This lack of interest is complemented by a trend to force biological concepts onto linguistic ones, like Nichols & Warnow 2008 p.788 arguing that ‘copying’ would be a more ‘transparent’ term for borrowing – quite on the contrary since it completely obfuscates the fact that loanwords are typically accommodated in the phonology of the target language. These approaches seem to pick the first vague parallels which allow stuffing linguistic data into existing algorithms instead of joining a serious and constructive debate on what the replicating units of language really are, as done by the likes of Croft and Mufwene. All this leads me to the conclusion that many extensions of these phylogenetic methods to language is not done with appropriate care but rather with outright ignorance and fundamental misunderstandings of the target domain.
In this post I have argued that computational phylogenetic ‘reconstructions’ are not just not giving us any genuinely new reconstructions, they are not even independent evidence for existing reconstructions because the traits which they use are already based on concrete hypothesised evolutionary histories.
Computational reconstruction based on typological features is one way to escape this tautology, and this can obviously complement the existing toolkit, particularly when there is a lack of better theories. By this I mean particularly more general cultural traits, such as the features of different traditions of basket weaving or carpetry design for which we have no other theories of transmission, diffusion and change. But in historical linguistics, sophisticated theories of change based on the understanding of the function of linguistic conventions such as phonemes and a large amount of expertise regarding probable phonetic changes do exist. Computational phylogenetics does not provide comparable insights in this area and, despite claims to the contrary, the approach shows no real interest in understanding or complementing the existing methods.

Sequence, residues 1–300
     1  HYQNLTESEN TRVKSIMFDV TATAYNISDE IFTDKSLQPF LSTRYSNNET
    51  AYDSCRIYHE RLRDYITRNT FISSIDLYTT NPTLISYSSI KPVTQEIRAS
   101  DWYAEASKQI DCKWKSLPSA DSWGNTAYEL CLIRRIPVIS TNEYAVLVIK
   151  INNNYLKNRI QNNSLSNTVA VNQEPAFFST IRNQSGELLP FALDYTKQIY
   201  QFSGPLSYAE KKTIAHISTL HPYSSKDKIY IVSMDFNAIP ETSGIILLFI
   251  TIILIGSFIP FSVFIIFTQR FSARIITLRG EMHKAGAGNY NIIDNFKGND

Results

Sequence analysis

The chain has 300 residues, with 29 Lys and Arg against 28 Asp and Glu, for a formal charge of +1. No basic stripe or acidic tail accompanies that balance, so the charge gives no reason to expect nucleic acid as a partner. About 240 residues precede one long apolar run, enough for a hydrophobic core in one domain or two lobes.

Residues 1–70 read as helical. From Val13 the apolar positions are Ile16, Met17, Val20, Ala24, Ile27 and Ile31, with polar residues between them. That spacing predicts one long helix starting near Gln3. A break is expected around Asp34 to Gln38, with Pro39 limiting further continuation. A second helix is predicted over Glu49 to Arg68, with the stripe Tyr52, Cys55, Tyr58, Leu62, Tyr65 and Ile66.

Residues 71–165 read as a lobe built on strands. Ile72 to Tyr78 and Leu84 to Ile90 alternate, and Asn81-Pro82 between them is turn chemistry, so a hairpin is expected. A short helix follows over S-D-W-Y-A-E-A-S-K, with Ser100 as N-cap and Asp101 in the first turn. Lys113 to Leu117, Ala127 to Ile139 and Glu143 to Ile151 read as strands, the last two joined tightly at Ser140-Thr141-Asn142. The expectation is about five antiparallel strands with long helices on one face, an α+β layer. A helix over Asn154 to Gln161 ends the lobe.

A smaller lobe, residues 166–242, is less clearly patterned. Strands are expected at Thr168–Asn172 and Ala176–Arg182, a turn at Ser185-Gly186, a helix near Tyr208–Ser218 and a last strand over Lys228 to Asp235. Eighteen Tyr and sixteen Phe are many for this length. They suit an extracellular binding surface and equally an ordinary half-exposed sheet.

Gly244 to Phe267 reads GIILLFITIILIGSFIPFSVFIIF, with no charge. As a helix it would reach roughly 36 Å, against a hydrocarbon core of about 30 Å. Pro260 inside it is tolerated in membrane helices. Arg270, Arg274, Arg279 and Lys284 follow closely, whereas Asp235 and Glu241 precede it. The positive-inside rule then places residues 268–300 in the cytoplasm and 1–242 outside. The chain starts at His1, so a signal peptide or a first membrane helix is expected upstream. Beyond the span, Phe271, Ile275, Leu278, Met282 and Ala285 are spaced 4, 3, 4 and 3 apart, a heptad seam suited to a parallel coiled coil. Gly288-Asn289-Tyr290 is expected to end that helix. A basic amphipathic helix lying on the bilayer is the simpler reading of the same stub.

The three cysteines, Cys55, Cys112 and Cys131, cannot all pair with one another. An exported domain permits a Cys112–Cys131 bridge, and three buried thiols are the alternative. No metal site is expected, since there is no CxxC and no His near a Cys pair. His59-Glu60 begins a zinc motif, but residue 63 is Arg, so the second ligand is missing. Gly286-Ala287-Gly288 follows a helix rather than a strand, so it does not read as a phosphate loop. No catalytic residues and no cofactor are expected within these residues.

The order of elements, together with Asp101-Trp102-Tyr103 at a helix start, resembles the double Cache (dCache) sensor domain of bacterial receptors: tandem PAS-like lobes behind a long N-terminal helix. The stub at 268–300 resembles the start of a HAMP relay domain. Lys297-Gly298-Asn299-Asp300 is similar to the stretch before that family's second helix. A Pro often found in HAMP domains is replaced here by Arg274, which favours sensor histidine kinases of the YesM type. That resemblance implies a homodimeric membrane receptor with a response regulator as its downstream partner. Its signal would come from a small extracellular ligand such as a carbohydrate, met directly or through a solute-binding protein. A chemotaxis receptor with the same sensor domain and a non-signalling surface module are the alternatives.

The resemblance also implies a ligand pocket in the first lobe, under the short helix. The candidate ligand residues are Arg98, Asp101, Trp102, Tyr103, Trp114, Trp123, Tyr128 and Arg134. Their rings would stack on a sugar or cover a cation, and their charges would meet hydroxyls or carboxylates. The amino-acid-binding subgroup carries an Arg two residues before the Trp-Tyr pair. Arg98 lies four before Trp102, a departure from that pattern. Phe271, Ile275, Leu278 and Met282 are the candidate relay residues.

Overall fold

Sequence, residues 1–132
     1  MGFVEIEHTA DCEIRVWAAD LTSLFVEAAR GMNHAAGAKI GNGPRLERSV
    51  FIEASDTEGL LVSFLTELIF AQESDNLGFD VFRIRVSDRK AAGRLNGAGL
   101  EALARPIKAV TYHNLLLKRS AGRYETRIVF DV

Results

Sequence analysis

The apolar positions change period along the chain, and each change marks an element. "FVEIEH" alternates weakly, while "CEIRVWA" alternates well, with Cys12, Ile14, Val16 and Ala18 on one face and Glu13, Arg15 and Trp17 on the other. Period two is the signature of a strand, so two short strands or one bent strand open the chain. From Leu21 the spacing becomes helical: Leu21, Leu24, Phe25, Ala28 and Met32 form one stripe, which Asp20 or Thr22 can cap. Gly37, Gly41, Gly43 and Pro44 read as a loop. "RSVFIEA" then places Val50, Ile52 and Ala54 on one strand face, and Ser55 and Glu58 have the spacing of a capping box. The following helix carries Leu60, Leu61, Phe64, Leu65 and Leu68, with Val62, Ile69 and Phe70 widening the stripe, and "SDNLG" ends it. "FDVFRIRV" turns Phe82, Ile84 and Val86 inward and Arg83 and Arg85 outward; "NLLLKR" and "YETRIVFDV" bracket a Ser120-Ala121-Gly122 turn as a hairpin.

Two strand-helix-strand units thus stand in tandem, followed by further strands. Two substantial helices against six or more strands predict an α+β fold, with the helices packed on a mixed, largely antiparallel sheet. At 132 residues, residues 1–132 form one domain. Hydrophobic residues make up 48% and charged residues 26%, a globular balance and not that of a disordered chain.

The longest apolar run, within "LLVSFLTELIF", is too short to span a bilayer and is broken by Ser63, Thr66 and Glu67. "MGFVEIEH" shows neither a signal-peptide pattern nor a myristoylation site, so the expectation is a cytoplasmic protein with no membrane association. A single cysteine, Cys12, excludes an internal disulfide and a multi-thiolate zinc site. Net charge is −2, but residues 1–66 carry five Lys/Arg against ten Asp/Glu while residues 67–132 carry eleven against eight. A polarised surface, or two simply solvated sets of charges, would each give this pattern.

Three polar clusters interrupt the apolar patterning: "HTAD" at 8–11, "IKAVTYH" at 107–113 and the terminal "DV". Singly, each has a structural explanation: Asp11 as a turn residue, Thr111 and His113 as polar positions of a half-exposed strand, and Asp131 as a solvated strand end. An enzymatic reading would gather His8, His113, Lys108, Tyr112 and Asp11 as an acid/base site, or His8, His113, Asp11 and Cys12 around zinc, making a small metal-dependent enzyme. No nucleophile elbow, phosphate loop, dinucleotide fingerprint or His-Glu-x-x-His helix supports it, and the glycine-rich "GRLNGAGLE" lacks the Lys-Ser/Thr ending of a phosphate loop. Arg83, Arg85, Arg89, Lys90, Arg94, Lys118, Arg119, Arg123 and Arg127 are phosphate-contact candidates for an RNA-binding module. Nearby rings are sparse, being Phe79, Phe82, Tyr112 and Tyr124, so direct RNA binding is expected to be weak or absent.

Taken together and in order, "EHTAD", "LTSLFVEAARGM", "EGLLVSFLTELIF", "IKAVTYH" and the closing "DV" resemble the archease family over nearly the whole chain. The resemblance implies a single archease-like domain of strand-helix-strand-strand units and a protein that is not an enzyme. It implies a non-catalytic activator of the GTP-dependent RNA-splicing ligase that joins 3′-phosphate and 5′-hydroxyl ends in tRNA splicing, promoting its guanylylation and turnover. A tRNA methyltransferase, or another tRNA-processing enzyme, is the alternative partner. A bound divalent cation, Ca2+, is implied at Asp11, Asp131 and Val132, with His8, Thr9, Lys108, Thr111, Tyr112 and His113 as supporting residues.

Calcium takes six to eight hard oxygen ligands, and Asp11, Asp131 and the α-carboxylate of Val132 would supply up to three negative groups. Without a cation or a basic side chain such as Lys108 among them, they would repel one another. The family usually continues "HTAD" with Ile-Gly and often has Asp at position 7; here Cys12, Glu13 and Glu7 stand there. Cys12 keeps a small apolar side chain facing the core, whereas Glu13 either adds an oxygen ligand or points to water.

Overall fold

A more direct solution to the tautology would be the development of formal theories for automatically hypothesizing and evaluating regular sound changes, which are still in their very infancy. Most importantly they are also plagued by a confusion of descriptive categories with comparative concepts, with the crucial difference between the two completely ignored in current work, resulting in a similar methodological flaw.